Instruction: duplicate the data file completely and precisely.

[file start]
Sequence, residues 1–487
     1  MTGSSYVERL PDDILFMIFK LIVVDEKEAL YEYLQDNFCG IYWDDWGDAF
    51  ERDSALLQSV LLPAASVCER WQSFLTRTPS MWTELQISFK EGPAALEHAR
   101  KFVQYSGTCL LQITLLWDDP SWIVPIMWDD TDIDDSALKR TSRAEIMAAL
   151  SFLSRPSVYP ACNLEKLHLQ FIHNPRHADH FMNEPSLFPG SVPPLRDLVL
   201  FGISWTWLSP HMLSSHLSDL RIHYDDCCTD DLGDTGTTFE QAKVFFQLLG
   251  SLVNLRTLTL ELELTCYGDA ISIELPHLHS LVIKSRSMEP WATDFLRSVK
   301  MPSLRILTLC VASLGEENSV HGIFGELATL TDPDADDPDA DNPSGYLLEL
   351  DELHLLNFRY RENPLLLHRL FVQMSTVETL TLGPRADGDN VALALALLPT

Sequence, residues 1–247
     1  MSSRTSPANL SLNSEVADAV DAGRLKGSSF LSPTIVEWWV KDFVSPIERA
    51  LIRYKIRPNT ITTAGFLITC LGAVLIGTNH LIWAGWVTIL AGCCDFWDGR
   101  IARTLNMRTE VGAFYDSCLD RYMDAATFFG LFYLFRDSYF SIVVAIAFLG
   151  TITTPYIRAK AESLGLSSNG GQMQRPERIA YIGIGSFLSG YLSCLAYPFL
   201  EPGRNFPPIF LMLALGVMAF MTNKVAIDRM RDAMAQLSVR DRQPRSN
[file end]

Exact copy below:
Sequence, residues 1–487
     1  MTGSSYVERL PDDILFMIFK LIVVDEKEAL YEYLQDNFCG IYWDDWGDAF
    51  ERDSALLQSV LLPAASVCER WQSFLTRTPS MWTELQISFK EGPAALEHAR
   101  KFVQYSGTCL LQITLLWDDP SWIVPIMWDD TDIDDSALKR TSRAEIMAAL
   151  SFLSRPSVYP ACNLEKLHLQ FIHNPRHADH FMNEPSLFPG SVPPLRDLVL
   201  FGISWTWLSP HMLSSHLSDL RIHYDDCCTD DLGDTGTTFE QAKVFFQLLG
   251  SLVNLRTLTL ELELTCYGDA ISIELPHLHS LVIKSRSMEP WATDFLRSVK
   301  MPSLRILTLC VASLGEENSV HGIFGELATL TDPDADDPDA DNPSGYLLEL
   351  DELHLLNFRY RENPLLLHRL FVQMSTVETL TLGPRADGDN VALALALLPT

Sequence, residues 1–247
     1  MSSRTSPANL SLNSEVADAV DAGRLKGSSF LSPTIVEWWV KDFVSPIERA
    51  LIRYKIRPNT ITTAGFLITC LGAVLIGTNH LIWAGWVTIL AGCCDFWDGR
   101  IARTLNMRTE VGAFYDSCLD RYMDAATFFG LFYLFRDSYF SIVVAIAFLG
   151  TITTPYIRAK AESLGLSSNG GQMQRPERIA YIGIGSFLSG YLSCLAYPFL
   201  EPGRNFPPIF LMLALGVMAF MTNKVAIDRM RDAMAQLSVR DRQPRSN